‘Tis the holiday season. Everyone is jingle belling and out shopping for presents and spending time with family and friends, but you’re grading another stack of papers…err…or avoiding grading another stack of papers. A colleague of mine speaks for ELA classroom teachers everywhere by saying:
When I am cleaning the house and end up (happily) sorting all the office/school supplies…I know I am really just evading grading. It feels good when I’m finished, but getting there, or starting is my problem.
This is the life we lead because our job is more than what happens in the classroom and grading doesn’t like being confined into prep periods. If you’re ready to take another hack at your grading, read on!
Before we dig into today’s tip, let’s recap! In my last post, we started an admittedly tough conversation about grading, and we talked about the need for self-reflection in order to determine “essentials” vs. non-essentials. If you missed that post, feel free to click here to take a look.
What’s Best for Students?
I think it’s always good, as a teacher, to come back to the question of what is best for my students…but that also has to collide with real life. So, how can real life join up with what is best for students and not be a life-sucking, nightmarish black hole that devours my time and teacher soul?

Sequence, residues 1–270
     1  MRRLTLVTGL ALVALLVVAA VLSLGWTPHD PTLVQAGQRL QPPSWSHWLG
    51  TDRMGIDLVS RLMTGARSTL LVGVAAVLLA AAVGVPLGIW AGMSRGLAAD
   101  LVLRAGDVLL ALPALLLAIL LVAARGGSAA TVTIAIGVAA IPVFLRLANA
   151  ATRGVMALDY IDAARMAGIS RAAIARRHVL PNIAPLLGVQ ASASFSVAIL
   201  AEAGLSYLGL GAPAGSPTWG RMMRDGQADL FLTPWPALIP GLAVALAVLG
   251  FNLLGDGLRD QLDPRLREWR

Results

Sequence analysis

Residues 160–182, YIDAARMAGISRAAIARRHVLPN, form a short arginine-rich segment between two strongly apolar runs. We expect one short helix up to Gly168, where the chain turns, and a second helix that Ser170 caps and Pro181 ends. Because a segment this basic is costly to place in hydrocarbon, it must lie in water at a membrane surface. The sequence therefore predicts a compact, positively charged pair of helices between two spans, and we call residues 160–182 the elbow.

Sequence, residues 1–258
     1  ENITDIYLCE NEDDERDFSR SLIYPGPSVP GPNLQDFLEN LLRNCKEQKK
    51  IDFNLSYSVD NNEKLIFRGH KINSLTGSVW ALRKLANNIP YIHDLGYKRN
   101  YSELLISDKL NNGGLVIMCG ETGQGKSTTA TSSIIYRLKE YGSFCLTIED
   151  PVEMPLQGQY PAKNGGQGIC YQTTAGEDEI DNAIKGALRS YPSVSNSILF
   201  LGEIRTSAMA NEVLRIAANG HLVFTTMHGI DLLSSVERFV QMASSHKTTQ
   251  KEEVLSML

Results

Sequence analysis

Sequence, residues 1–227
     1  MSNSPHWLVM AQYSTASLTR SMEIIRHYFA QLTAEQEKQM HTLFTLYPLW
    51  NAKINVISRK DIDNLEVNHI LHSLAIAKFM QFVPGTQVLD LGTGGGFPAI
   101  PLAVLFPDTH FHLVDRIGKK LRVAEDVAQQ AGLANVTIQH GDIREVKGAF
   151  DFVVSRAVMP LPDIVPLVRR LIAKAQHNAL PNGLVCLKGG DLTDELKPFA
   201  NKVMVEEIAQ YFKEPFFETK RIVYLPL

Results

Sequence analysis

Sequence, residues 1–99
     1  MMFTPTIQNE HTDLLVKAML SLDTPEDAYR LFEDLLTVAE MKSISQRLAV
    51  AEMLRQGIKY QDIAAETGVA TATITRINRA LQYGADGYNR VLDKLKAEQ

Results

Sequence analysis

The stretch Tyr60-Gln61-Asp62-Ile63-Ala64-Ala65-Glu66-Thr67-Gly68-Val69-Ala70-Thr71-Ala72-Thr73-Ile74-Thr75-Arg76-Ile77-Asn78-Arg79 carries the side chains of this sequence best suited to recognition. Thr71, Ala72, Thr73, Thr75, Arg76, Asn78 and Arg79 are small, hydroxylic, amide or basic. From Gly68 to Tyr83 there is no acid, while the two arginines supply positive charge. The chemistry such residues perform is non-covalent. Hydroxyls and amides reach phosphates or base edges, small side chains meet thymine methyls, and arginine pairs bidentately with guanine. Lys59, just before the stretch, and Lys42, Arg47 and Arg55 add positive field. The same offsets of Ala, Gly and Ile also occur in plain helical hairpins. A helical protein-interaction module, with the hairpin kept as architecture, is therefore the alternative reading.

My goal in an ELA classroom is to get students writing more frequently. Writing. A lot of writing. Every day, in different forms, and without fail. Cue the teacher panic. More writing equals more papers equals more time equals no sleep for me, right? Well…that’s where I’ve had to shift my thinking. Do I have to respond formally to everything students write? Score it on a rubric? No. Could I explore other ways to reduce the number of papers I’m looking at, make my feedback more targeted, or even give that responsibility back to the students? Yes!
Consider where you’re spending your time. Effective feedback is both timely and useful. That’s why I don’t spend time writing comments on final drafts (there is one exception to this which I will discuss in a future blog post, so stay tuned!). I want to spend my time where it will benefit students the most – when students are practicing skills and drafting their papers. To make this more manageable, I use collaborative writing to reduce the number of papers I’m looking at and pair that with targeted feedback on my part while students are working in class.